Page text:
1,337 research outputs found

    Characterizing Dust Attenuation in Local Star-Forming Galaxies: Near-Infrared Reddening and Normalization

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    We characterize the near-infrared (NIR) dust attenuation for a sample of ~5500 local (z<0.1) star-forming galaxies and obtain an estimate of their average total-to-selective attenuation k(λ)k(\lambda). We utilize data from the United Kingdom Infrared Telescope (UKIRT) and the Two Micron All-Sky Survey (2MASS), which is combined with previously measured UV-optical data for these galaxies. The average attenuation curve is slightly lower in the far-UV than local starburst galaxies, by roughly 15%, but appears similar at longer wavelengths with a total-to-selective normalization at V-band of RV=3.67+0.440.35R_V=3.67\substack{+0.44 \\ -0.35}. Under the assumption of energy balance, the total attenuated energy inferred from this curve is found to be broadly consistent with the observed infrared dust emission (LTIRL_{\rm{TIR}}) in a small sample of local galaxies for which far-IR measurements are available. However, the significant scatter in this quantity among the sample may reflect large variations in the attenuation properties of individual galaxies. We also derive the attenuation curve for sub-populations of the main sample, separated according to mean stellar population age (via Dn4000D_n4000), specific star formation rate, stellar mass, and metallicity, and find that they show only tentative trends with low significance, at least over the range which is probed by our sample. These results indicate that a single curve is reasonable for applications seeking to broadly characterize large samples of galaxies in the local Universe, while applications to individual galaxies would yield large uncertainties and is not recommended.Comment: 14 pages, 10 figures, 1 table. Accepted for publication in Ap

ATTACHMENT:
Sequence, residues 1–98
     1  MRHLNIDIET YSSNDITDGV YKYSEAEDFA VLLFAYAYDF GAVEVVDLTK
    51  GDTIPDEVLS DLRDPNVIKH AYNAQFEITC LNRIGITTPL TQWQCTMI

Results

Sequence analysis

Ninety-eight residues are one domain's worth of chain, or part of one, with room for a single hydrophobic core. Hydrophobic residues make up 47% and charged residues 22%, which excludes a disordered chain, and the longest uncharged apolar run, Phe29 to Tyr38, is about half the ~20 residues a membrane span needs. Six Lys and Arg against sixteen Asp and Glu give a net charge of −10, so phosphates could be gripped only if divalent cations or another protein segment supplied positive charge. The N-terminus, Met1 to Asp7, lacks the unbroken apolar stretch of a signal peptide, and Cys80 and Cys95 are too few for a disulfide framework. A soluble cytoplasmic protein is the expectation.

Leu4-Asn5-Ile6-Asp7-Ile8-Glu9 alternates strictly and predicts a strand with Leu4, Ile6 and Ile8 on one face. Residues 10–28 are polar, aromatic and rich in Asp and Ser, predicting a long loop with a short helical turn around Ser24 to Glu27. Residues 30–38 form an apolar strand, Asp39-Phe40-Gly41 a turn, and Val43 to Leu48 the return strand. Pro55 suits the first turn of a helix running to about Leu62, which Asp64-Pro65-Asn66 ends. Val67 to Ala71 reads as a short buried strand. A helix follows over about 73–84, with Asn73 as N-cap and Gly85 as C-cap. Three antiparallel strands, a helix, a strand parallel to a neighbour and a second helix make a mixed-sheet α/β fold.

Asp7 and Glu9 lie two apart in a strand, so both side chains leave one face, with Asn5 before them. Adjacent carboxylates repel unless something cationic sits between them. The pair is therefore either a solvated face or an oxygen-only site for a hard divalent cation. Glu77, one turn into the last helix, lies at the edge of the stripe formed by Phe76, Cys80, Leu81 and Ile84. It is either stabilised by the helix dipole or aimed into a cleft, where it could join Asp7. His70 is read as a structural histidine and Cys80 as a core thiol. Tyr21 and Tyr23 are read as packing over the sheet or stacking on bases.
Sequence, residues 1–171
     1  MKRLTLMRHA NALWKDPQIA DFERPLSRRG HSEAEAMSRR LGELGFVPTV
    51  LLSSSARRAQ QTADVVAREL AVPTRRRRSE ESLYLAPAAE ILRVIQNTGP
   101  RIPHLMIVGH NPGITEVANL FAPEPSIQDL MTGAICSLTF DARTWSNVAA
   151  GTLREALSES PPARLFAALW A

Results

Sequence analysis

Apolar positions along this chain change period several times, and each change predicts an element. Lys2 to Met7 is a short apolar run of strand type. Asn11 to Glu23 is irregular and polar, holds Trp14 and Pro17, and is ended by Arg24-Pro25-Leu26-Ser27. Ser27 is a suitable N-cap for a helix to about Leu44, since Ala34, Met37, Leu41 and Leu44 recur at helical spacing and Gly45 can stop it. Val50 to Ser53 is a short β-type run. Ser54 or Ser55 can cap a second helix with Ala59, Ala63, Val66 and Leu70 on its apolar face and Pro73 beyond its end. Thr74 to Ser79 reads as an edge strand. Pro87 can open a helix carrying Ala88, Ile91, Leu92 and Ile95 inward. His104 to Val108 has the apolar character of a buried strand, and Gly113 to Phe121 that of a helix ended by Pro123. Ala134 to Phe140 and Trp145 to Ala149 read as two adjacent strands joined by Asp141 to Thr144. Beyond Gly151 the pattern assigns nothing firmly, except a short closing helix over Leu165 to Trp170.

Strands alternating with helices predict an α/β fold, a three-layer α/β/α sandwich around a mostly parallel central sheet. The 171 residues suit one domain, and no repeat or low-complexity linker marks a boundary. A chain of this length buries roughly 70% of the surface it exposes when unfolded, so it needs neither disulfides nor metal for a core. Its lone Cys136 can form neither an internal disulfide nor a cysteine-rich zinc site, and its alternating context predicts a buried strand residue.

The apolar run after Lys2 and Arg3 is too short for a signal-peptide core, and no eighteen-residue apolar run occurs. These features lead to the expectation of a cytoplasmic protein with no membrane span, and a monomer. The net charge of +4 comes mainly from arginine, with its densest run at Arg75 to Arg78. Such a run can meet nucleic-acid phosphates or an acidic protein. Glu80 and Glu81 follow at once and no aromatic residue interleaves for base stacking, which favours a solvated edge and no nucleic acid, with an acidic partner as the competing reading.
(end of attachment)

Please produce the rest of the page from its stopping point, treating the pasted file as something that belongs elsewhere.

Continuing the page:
Characterizing Dust Attenuation in Local Star-forming Galaxies: Inclination Effects and the 2175 Å Feature

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    We characterize the influence that inclination has on the shape and normalization in average dust attenuation curves derived from a sample of ~10,000 local star-forming galaxies. To do this, we utilize aperture-matched multiwavelength data from the Galaxy Evolution Explorer, the Sloan Digital Sky Survey, the United Kingdom Infrared Telescope, and the Two Micron All-sky Survey. We separate our sample into groups according to axial ratio (b/a) and obtain an estimate of their average total-to-selective attenuation k(λ). The attenuation curves are found to be shallower at UV wavelengths with increasing inclination, whereas the shape at longer wavelengths remains unchanged. The highest inclination subpopulation b/a < 0.42 exhibits an NUV excess in its average selective attenuation, which, if interpreted as a 2175 Å feature, is best fit with a bump strength of 17%–26% of the MW value. No excess is apparent in the average attenuation curve of lower inclination galaxies. The differential reddening between the stellar continuum and ionized gas is found to decrease with increasing inclination. We find that higher inclination galaxies have slightly higher values of R_V , although this is poorly constrained given the uncertainties. We outline possible explanations for these trends within a two component dust model (dense cloud+diffuse dust) and find that they can be naturally explained if carriers of the 2175 Å feature are preferentially destroyed in star-forming regions (UV-bright regions)

    Characterizing Dust Attenuation in Local Star-forming Galaxies: UV and Optical Reddening